Rise of online shopping forces mainland malls into rethink
Mainland operators providing more entertainment and food and beverage outlets to boost customer traffic as internet market booms
The rise of online shopping on the mainland is forcing malls to restructure their retail mix to provide more entertainment and food and beverage outlets in order to boost customer traffic.
Old-format department stores were once courted by mall operators on the mainland as anchor tenants that could lure shoppers.
Then, as shoppers turned to the internet for merchandise offered by such stores, shopping centres looked to fast-fashion stores to play an anchor role, property consultancy Knight Frank notes.
China is set to overtake the United States as having the world's largest online retail sales market by total value. Online retail sales are expected to have accounted for 7.4 per cent of China's total retail sales last year, up from 6.3 per cent in 2012.
In a public forum earlier this month, Fosun International chief executive Liang Xinjun warned of a looming oversupply of mega malls. He said that as Beijing rolled out measures to cool the housing market, local governments had sought alternative revenue sources and encouraged developers to build mega malls.
Now operators faced a challenge to compete in an over-supplied market.
Last year, 68 new shopping centres opened in the tier-one cities of Beijing, Shanghai, Guangzhou, and Shenzhen, as well as tier-two cities such as Tianjin, Shenyang and Wuhan. This compared with 52 in 2012, according to Knight Frank.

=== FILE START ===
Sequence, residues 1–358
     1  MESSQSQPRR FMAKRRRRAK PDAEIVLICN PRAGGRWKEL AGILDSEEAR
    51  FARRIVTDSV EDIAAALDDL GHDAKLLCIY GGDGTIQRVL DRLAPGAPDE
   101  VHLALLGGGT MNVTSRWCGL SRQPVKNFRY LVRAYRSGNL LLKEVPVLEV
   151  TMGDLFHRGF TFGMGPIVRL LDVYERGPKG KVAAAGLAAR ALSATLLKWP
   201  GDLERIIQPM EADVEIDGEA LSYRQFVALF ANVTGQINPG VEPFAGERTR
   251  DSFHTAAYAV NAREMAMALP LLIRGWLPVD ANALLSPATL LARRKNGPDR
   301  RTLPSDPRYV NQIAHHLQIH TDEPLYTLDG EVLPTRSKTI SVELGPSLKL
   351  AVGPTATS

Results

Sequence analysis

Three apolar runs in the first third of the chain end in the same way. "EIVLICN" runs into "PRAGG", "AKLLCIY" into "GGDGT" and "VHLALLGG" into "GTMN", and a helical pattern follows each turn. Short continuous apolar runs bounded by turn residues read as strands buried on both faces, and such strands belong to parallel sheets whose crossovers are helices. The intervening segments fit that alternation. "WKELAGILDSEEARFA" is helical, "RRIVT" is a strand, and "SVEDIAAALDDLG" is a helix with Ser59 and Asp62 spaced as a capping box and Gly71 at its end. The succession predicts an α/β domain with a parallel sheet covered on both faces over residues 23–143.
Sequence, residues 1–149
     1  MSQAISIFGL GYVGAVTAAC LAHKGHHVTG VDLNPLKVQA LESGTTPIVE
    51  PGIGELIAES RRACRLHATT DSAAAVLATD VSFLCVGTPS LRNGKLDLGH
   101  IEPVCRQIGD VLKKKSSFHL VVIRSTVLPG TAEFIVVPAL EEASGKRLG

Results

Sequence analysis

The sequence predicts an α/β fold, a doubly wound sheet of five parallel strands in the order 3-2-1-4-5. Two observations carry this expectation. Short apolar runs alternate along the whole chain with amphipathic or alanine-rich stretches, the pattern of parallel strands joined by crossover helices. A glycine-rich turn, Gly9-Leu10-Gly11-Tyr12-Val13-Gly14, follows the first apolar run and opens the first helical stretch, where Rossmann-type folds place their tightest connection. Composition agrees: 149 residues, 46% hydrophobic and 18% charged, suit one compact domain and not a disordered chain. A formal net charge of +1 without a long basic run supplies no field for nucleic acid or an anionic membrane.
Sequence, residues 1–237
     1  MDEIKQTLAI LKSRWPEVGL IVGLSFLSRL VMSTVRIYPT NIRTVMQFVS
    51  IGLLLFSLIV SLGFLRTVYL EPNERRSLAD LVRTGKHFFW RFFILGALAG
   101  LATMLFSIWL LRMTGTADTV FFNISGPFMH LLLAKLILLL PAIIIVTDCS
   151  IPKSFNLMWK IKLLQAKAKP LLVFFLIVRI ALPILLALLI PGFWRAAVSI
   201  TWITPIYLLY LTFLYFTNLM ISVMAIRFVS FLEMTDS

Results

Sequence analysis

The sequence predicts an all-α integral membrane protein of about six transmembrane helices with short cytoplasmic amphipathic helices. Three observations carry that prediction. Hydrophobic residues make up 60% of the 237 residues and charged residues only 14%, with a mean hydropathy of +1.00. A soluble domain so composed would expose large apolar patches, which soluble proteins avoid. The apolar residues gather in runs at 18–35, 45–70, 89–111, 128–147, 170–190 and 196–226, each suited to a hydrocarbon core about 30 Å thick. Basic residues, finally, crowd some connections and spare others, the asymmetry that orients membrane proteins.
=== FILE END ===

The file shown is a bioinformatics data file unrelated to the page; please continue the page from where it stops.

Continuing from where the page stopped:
"Developers lacking experience, particularly those with oversized centres in peripheral, poorly located areas, will now find it increasingly difficult to maintain high occupancy levels and customer traffic," said Paul Hart, an executive director at Knight Frank. As a result, rents would drop.
He said that in the new retail environment, entertainment had become more important, resulting in a rapid rise in the number of cinemas. In response to the e-commerce challenge, the area allocated to food and beverage outlets, which until recently had accounted for 20 to 25 per cent of the retail space, was set to increase to between 30 and 40 per cent to retain customers.
"You cannot eat online," Hart said.
In a report on the industry, Knight Frank noted that nine of the 14 luxury fashion and accessories retailers they analysed had missed their expansion targets.
Gucci had targeted opening 10 more stores last year but failed to open one. Prada opened four shops, against its planned seven, and Longchamp, which announced it would open nine new outlets, also did not open one.
Hart said the slowing of expansion plans by the big fashion labels was partly because of Beijing's crackdown on corruption and conspicuous spending.
Also, as the population travelled more, retailers would begin targeting gateway cities outside China rather than opening shops on the mainland, he said.